A University of Florida College of Medicine-Jacksonville professor is among a select group of experts appointed to develop the first national guidelines regarding assessment and treatment of youth with mild traumatic brain injury (TBI).
Madeline M. Joseph, M.D., a professor of pediatric emergency medicine, is leading one of six workgroups tasked with writing guidelines to be released in 2014 by the Centers for Disease Control and Prevention.
Joseph is leading the group looking at factors that could identify patients at risk for important intracranial injury and for delayed recovery from mild TBI. The group will examine the mechanism of injury, duration of loss of consciousness, as well as abnormalities on neurological, cognitive or balance tests, symptoms or biomarkers. Joseph and the other team leaders will meet in Atlanta early next year to discuss their findings on their individual topics.
The overall task force, the Pediatric Mild Traumatic Brain Injury Guideline Workgroup, includes about 50 medical professionals and other leading experts in TBI from across the country.
The guidelines will help fill an important gap and help ensure consistent and evidence-based care of young patients with mild TBI, according to a CDC news release.
While much of the attention related to concussions has focused on sports injuries, Joseph said only 10 percent of concussions occur during athletic events. That makes it even more imperative that emergency departments and first responders are keeping an eye on symptoms and keeping TBI top of mind in treating youth patients.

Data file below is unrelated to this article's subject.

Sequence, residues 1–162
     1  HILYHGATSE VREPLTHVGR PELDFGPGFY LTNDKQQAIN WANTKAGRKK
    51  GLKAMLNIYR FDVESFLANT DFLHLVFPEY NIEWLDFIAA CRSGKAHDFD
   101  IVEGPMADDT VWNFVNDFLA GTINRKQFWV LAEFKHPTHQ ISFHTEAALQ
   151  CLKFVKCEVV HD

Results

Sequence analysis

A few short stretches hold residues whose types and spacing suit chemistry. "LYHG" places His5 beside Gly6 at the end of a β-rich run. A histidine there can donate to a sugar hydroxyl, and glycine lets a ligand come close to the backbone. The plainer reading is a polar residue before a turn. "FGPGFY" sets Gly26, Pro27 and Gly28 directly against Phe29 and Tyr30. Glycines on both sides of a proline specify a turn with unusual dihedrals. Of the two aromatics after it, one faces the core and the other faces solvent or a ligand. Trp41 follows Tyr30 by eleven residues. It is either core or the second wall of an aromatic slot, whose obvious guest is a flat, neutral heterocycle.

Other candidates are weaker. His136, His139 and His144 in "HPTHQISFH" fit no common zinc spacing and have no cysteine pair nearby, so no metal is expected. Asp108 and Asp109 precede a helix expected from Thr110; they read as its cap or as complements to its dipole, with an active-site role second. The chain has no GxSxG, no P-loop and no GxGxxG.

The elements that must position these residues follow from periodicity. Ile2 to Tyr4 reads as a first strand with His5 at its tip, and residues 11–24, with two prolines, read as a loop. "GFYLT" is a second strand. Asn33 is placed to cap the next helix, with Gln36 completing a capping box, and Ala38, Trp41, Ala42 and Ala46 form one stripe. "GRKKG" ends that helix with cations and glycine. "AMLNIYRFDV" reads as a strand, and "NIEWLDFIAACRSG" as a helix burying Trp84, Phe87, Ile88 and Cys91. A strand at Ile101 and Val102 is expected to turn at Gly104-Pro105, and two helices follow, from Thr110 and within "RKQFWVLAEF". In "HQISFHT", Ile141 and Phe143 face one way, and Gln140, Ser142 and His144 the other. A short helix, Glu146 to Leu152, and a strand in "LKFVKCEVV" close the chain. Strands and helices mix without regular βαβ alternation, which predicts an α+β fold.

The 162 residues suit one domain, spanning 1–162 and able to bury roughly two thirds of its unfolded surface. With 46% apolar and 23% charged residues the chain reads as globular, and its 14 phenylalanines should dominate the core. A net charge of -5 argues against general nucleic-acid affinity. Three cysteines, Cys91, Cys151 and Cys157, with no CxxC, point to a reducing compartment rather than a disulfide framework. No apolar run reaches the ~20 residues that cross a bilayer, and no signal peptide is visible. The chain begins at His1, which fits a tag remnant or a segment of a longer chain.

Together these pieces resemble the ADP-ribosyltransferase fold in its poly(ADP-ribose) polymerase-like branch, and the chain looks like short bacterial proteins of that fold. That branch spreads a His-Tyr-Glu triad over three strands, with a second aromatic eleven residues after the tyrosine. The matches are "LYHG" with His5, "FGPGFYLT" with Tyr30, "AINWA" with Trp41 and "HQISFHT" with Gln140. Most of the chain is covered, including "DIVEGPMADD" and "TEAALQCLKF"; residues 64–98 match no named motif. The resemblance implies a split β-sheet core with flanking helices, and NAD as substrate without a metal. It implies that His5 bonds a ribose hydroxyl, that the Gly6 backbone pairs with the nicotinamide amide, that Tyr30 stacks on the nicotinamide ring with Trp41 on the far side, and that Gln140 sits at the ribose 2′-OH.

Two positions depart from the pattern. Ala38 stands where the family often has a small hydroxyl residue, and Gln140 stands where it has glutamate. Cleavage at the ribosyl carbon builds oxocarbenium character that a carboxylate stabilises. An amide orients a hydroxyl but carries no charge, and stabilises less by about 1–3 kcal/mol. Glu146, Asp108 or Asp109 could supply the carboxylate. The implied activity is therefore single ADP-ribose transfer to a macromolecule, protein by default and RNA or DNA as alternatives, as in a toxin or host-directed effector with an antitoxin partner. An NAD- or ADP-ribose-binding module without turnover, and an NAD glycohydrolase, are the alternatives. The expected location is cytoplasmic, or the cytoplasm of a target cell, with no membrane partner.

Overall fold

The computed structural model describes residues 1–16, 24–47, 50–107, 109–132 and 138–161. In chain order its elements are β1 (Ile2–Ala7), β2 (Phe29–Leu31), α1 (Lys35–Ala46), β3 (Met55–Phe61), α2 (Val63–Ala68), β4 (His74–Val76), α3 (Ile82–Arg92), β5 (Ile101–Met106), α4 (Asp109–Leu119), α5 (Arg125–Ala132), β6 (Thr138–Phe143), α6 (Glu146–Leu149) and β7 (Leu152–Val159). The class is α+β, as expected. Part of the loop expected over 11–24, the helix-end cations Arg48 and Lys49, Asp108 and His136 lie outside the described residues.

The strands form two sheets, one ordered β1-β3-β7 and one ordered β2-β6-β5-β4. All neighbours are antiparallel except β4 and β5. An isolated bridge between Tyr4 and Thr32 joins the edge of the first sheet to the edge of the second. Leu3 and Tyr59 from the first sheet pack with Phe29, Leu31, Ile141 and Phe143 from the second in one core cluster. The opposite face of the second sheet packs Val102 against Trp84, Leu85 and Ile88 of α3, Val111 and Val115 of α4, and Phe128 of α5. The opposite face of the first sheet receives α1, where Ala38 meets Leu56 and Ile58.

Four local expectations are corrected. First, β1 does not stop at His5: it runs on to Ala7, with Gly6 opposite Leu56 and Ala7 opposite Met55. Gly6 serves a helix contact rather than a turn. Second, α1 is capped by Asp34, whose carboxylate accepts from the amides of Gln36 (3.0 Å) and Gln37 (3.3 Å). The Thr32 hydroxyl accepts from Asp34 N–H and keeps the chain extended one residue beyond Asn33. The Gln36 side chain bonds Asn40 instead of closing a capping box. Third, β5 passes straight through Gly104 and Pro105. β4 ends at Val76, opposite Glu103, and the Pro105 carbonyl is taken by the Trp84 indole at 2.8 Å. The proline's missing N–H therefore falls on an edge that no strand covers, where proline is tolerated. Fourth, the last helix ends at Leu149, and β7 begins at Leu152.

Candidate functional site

Joseph’s research and professional involvement has led her into the area of youth TBI in recent years. As chair of the Pediatric Emergency Medicine sub-committee for the American College of Emergency Physicians in 2011, she led the writing of imaging guidelines to reduce the use of expensive, high-radiation studies for children presenting with possible TBI.
Joseph’s interest in the issue grew, and she’s leading two studies in Jacksonville gauging parental awareness about concussions and their symptoms. She and other researchers surveyed more than 600 parents of youth football and youth soccer players and found that none could identify every concussion symptom. She also helped the Health Planning Council of Northeast Florida with a study about hospital usage and neuro-imaging for youth sports concussions.
On a national level, as the chair of the Pediatric Emergency Medicine Section for the American College of Emergency Physicians, Joseph helped review the "Heads Up" campaign developed by the CDC in 2005, to educate health care providers, trainers and coaches about head injuries in youth sports. The "Heads Up" standards are the most recent standard, but Joseph said the time has come for clear-cut, clinical guidelines because of the rise in attention given to mild TBI in youth and the risk of radiation associated with computed tomography.
As a soccer parent herself, she’s pushing to get the word out and saw some results first-hand at one of her sons’ tournaments in Georgia last month. One of her son’s teammates was kicked right above the eye, opening up a deep, bloody cut.
She and other parents who happened to be doctors were looking at the boy. When the player stood up, the referee looked right past the doctors, said the boy was unsteady on his feet and called for an ambulance so he could be evaluated at a hospital.
"People are looking for signs of a concussion and that’s important," Joseph said. "It was great to see that was the first thing the referee was looking for."